So a con­ver­sion is a very par­tic­u­lar kind of change and a reli­gious or ide­o­log­i­cal con­ver­sion more par­tic­u­lar still.

Typically when peo­ple speak of anoth­er person’s con­ver­sion they are refer­ring to a reli­gious change of heart, but the truth is, I’ve seen con­verts to Marxism, Capitalism, Death Metal, Jazz, com­put­ers, the Internet, Futurism, espres­so, green tea, cock­tails and polite con­ver­sa­tion, and every damned thing in between.

As I see it, there are dif­fer­ent types of con­verts: the pas­sive go-along, the safe-bet­ter, the seek­er, and the rad­i­cal con­vert, among many oth­ers.

I real­ized recent­ly that many of my per­son­al pre-occu­pa­tions over the last 20 or so years actu­al­ly have some­thing to do with my need to under­stand how con­ver­sion works. What makes a con­vert con­vert in the first place? Do peo­ple real­ly change? Are con­verts fool­ing them­selves? Are con­verts wak­ing up or lulling them­selves to sleep? What makes some con­verts so incred­i­bly inspir­ing and effec­tive as lead­ers of oth­er peo­ple? Do con­verts actu­al­ly have to believe what they con­vert to or just make oth­ers believe they believe it or both?

I’ll be dig­ging into this and post­ing some of my thoughts and dis­cov­er­ies here. Your thoughts, con­cerns, and con­ver­sion sto­ries are, as always, wel­come.

Crude Dystopia

Monday, September 14th, 2009

crude_300_250George Orwell would be 106 years old, just a few years shy of today’s old­est man in the world. Quite a bit less than that life­time ago, Orwell fore­saw a world con­trolled by dou­ble-speak­ing oli­garchs who man­u­fac­tured infor­ma­tion, glob­al con­flict, and the war machines to wage it in order to con­trol human beings as resources owing ser­vice and obe­di­ence to the pow­er­ful.

Guess what? It’s a lot like Orwell’s 1984 in Burma/Myanmar. People there are forced to work with­out pay, have their land force­ful­ly tak­en from them with­out rec­om­pense, and are sub­ject to all man­ner of pun­ish­ment for dar­ing to think things should be oth­er­wise.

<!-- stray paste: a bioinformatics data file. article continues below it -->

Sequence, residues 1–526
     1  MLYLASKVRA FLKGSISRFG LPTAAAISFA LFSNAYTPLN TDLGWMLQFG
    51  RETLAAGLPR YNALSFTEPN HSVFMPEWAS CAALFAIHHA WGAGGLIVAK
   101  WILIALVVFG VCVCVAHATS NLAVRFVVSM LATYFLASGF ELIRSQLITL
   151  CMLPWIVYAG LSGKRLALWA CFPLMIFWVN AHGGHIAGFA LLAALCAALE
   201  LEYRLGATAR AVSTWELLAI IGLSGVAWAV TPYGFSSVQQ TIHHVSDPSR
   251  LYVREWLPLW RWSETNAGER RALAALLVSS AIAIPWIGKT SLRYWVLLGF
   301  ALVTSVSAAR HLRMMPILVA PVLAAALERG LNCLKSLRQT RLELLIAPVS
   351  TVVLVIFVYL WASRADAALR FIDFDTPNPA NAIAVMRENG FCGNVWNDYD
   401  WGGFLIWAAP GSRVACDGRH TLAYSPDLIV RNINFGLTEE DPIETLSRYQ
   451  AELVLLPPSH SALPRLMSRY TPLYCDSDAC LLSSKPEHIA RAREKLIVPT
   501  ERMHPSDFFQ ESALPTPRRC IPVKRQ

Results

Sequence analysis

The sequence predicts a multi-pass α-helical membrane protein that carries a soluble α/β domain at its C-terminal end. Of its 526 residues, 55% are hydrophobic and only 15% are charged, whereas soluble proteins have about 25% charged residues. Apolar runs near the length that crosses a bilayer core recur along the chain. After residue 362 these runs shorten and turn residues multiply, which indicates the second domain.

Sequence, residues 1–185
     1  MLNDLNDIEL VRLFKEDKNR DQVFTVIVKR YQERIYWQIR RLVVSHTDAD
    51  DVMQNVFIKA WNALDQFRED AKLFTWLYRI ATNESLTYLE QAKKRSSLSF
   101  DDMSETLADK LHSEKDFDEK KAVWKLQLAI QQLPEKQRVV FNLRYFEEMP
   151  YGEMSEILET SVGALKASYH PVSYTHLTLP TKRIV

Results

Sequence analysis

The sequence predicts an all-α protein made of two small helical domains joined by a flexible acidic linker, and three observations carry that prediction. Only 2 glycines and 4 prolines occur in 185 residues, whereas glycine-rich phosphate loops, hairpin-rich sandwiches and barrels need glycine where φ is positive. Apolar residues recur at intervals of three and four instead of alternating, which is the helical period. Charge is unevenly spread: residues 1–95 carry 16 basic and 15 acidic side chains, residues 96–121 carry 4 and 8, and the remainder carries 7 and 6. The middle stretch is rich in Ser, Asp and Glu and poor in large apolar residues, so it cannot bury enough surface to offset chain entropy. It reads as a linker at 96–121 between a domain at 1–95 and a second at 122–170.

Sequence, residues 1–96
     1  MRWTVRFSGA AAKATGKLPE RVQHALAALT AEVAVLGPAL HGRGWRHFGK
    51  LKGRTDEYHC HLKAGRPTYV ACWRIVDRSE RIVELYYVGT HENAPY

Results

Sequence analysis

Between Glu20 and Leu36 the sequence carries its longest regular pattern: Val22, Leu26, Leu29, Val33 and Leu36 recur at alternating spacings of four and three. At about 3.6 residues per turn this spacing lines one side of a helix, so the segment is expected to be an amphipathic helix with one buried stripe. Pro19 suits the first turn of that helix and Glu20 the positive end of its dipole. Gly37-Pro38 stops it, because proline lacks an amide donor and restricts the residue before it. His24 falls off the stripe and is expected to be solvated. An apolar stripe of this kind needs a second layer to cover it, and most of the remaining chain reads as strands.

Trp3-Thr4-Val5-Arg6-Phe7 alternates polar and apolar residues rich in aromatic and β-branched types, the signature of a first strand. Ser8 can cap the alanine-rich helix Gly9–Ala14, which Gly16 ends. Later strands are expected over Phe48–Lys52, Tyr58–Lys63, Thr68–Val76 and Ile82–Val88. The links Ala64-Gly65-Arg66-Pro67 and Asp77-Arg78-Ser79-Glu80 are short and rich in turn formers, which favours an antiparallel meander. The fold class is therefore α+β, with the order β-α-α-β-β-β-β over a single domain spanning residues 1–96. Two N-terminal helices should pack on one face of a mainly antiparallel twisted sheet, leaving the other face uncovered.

Two new reports by Earth Rights International detail the extremes we less fur­ry mon­keys can go to when we con­sid­er fel­low humans ‘resources’ rather than con­scious beings with basic rights irre­spec­tive of col­or, cash, ances­try, reli­gion, and/or what-have-you:

Total Impact: The Human Rights, Environmental, and Financial Impacts of Total and Chevron’s Yadana Gas Project in Military-Ruled Burma

Getting it Wrong:
Flawed “Corporate Social Responsibility” and Misrepresentations Surrounding Total and Chevron’s Yadana Gas Pipeline in Military-Ruled Burma (Myanmar)

Don’t have time to delve into the dirt on this? Check out the new movie Crude by Joe Berlinger (the guy behind Brother’s Keeper and Metallica: Some Kind of Monster) — com­ing soon to a movie house near you.

Remembering

Friday, September 11th, 2009

rememberthumbSeems like a good day to quote myself.

Despite the bum­mer begin­ning, I think my pro­logue to this site ends with a bit of hope. I’d be kid­ding you if I said this was a direct response to the events of 9–11 or Hurricane Katrina (both of which deserve remem­ber­ing right about now), but I’d be kid­ding myself if I denied that both those things have added shape to the exis­ten­tial quandary that was my phi­los­o­phy. Honestly.

Honestly Kid Prologue

The whole thing gets me down. The world shows almost no sign of get­ting bet­ter and most of the time we don’t do much in our dai­ly lives to help things in a pos­i­tive direc­tion. But that’s not real­ly what bugs me day in day out. It’s that so few of us pay any atten­tion at all to this stuff. Why is it so damn hard to give a damn about any­one else on this world.  more »